|Triona Dooney, Mary Van Lieshout, Philip O'Connor|
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Many thanks to Catherine Murphy TD for donating this document to the Left Archive. The document has been posted as the specific chapters which can be found here. As noted previously:
This document [published on foot of a series of meetings] is unusual in respect of the Irish left in that it sought to challenge fairly directly the assumptions held by a political formation. That formation, Democratic Left, less than a decade old had recently left government after Fianna Fáil had won the 1997 General Election. It had also shed two seats from its complement of six TDs.
Twenty pages long, this chapter engages with internationalism. It covers ‘Main Issues’, those being Socialism and Internationalism, Thinking Globally, Socialism and the European Union, What role for the UN? What force for democratic Socialists.
A Paper by Philip O’Connor of the International Committee of Democratic Left encompassing the above is included as is a response from Mary Van Lieshout of Oxfam.
Then there is a Summary of discussion by Triona Dooney, of the DL Executive Committee.
There is far too much content to give anything other than a taste of the submission. O’Connor argues that ‘from the socialist point of view there has only been one major change of relevance in capitalism since World War One forcing the socialist movement to change its tactics; the emergence of the reformable state. The socialist anti-war movement collapsed in 1914 not due to ‘betrayal’ by its leaders, but because the German labour movement, the backbone fo the International, decried that if its choice was between the destruction of its advanced welfare state in favour of the primeval Russian Empire and the British aim of dividing, weakening and hence dominating Europe – it would defend its state.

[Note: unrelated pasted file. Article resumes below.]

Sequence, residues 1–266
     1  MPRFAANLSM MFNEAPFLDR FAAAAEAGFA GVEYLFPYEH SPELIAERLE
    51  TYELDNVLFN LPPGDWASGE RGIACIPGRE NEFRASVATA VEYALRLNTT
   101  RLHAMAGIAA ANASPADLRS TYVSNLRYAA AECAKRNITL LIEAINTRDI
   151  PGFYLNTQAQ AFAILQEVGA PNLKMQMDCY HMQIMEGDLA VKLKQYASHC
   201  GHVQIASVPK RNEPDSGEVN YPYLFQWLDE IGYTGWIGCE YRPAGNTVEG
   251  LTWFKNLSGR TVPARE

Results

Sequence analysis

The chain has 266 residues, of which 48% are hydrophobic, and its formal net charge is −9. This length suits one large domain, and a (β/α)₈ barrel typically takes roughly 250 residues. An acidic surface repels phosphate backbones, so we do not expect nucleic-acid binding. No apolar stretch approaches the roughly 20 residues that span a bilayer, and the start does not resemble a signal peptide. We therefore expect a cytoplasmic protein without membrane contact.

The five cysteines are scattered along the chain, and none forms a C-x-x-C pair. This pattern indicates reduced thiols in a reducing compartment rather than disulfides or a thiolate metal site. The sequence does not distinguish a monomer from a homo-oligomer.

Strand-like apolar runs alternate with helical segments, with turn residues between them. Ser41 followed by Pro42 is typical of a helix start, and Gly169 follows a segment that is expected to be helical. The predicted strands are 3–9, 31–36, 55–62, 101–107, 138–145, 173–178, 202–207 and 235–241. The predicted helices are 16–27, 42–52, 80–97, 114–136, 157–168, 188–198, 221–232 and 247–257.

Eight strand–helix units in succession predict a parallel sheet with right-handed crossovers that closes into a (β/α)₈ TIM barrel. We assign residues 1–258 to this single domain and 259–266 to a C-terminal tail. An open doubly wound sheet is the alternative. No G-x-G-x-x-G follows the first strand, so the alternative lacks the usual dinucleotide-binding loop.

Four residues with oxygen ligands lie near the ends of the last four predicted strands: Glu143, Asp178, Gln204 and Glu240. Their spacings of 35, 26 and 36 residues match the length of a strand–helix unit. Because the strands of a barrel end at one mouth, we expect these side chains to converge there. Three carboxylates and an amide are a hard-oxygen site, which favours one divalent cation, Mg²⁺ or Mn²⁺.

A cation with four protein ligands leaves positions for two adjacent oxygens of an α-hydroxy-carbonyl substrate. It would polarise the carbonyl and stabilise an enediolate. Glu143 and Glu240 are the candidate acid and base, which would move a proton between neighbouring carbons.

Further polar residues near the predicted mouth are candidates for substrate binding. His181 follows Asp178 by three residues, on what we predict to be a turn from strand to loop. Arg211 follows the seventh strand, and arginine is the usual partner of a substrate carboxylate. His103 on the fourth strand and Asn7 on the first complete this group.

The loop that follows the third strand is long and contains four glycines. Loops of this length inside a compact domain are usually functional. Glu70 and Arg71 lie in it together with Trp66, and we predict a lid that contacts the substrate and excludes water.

He also argues that ‘The UN is a vaguely useful forum, and it is worth constantly trying to reform it and its instruments. It is certainly not the ‘international community’ and is a parody of ‘world government’. Too much should not be expected of it. Remember it was created not to maintain peace but to subject world development to the total control of the small group of empires and powers which had ‘won’ the Second World War.
He continues that:
Blanket human rights do not exist though they are a worthy aspiration. The issue of child labour is a classic case in point and should be approached on a case-by-case basis. A similar situation is that of China and its attempt to modernise without facing the chaos that is destroying Russia.
Van Lieshout strongly disagrees with O’Connor’s analysis in a number of areas – for example ‘I have difficulty with Philip’s promotion of ‘cultural relativism’ on the issue of human rights. She also argues he ‘grossly underestimates the damage wreaked by conflict’ and that there is an ‘absence of an appreciation of the scale of the crisis of poverty which grips the world today’.
The discussion was wide-ranging and this was one thought…
Existing international institution such as IMF and G7 are not controllable by progressive forces; alternatives have to be developed but first we need a clear understanding of what we wish them to do.